by Philipp Rotmann GPPi
Since we have noticed how messy our world has again become it is suddenly back in fashion to talk about order. This discussion goes far beyond Donald Trump’s latest tweet or the Chinese Communist Party’s last party congress, and it will last for quite a while. We are in for a long transition from an era of unipolarity to an uncertain future. Power and influence are moving from the West and North to the East and South; the uncontested hegemony of Western states - and Western corporations - has come to an end. Among states, corporations, and NGOs, the future distribution of power remains uncertain. State capitalism is alive and kicking, and we are only just beginning to understand both the incentives for and the constraints on collaboration between data giants and authoritarian regimes as well as their strategic implications.
In mid-February, like every year, around 500 people will come together in Munich, Germany, to discuss the state of international order and global security. Every year, the deficit of realistic and reliable ideas about questions of order appears to be growing. Our existing mechanisms for maintaining order are incapable of coping with the extent of conflict and violence we are facing in this period of transition. The UN Security Council is blocked whenever Russia chooses to challenge the Western-dominated order. China’s construction, primarily with economic means, of a parallel order in Asia does not affect the UN; indeed it is – quite correctly – no immediate threat to international peace and security. NATO plays an important role in the defense of Europe and —to a minimal extent — in the fight against the so-called Islamic State, but not in the pursuit of long-term solutions for peace and stability in Central Europe and the Arabian Peninsula. At present, the Organization for Security and Co-operation in Europe - with its observation mission in Ukraine - and the African Peace and Security Architecture around the UN and African Union may be the most effective players in a fragmented order.
In the words of its organizers, headed by Wolfgang Ischinger, the Munich Security Conference (MSC) “has become the major global forum for the discussion of security policy.” This is a big claim, and one that goes far beyond just hosting the “Academy Awards for security policy wonks,” as Ivo Daalder once affectionately described the conference.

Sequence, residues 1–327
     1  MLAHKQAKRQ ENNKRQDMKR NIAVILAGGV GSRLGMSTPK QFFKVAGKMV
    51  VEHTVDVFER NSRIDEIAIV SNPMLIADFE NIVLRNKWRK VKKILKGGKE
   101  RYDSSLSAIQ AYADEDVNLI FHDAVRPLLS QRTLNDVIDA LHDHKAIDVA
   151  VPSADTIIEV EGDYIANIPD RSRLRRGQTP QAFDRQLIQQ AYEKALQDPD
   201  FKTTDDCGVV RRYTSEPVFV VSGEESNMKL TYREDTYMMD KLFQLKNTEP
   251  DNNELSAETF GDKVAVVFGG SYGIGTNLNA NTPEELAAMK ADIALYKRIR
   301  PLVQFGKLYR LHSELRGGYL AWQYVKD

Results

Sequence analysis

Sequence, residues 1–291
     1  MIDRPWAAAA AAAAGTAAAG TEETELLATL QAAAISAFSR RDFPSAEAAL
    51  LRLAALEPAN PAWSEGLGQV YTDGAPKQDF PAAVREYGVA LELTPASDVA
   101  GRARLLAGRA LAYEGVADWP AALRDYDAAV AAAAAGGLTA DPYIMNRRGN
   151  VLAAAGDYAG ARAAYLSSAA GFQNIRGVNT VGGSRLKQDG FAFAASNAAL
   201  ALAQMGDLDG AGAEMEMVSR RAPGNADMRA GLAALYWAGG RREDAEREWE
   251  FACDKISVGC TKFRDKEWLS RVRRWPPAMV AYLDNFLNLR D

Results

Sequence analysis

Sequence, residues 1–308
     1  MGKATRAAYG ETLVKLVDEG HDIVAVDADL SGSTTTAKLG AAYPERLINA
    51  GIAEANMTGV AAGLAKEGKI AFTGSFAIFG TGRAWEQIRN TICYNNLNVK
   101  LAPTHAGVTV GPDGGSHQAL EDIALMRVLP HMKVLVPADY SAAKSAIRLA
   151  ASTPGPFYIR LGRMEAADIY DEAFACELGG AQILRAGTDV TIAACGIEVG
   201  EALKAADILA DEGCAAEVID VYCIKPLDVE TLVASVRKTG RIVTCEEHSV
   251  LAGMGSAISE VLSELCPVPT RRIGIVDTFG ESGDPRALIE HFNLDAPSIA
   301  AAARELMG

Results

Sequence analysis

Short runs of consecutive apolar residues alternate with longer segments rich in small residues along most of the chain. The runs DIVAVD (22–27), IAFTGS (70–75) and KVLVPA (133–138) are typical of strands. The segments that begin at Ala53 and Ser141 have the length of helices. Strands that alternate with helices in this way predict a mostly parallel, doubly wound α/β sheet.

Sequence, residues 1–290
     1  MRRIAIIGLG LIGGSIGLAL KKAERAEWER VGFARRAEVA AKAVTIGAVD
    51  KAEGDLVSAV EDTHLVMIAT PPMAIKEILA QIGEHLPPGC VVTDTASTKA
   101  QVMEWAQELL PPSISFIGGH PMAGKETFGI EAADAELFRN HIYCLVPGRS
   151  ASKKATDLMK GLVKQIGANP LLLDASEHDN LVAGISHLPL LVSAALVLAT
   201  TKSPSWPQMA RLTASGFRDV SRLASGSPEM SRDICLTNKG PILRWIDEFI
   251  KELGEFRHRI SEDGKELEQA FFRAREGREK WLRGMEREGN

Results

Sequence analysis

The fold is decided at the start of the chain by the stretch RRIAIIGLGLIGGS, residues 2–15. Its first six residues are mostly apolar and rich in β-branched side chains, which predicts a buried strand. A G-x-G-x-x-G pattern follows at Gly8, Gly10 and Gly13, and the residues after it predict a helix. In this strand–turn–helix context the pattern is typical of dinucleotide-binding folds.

Ischinger wants a “rather unregulated marketplace of ideas,” one that is “reflecting a globalized world.” And yet, even in 2018, the majority of the 500 participants will be male. Most of them by far will be white and middle-aged, have impressive job titles and come from Germany, the rest of Europe, and the United States (US). They will talk about the rules for a world whose population is by majority female, mostly under the age of 30 and of which 85 percent lives outside Europe and the US.
They will converse in carefully calibrated and tightly scheduled panel discussions. This is where participants pose the key questions to top political leaders, usually on very significant issues to which citizens rightly expect answers and solutions. But, of course, it is up to the ministers to decide what to say to them. That is “rather unregulated” only compared to the UN General Assembly.
What is more, the conference depends on the traditional political establishment. That does not make it easier to discuss new challenges like data and technology policy or well-known blind spots such as the conflicts in Africa in the substantial and innovative manner that would befit their strategic significance.
Above all, the Munich Security Conference is a place where a lot of decision-makers come together. This allows for the efficient delivery of pre-packaged messages and proposals, such as Putin’s challenge to the West in 2007. Such a vast number of confidential side-meetings and negotiations could never take place outside the conference setting. This is the MSC’s core business.
The conference is a “marketplace of ideas” only for those who already have plenty of power and influence in the traditional sense. Now, unfortunately, the market of ideas for security policy is hardly overflowing with good solutions. So, if the old, white men from the West are out of ideas, why not ask the young women from everywhere else? And, let us do so in ways that allow for more interaction, more debate and more innovation than the good old panel discussion.
A German version of this article first appeared in the February 2018 issue of Europäische Sicherheit & Technik.
by Sarah Brockmeier, Melissa Li, Cornelius Adebahr
by Thorsten Benner
by Thorsten Benner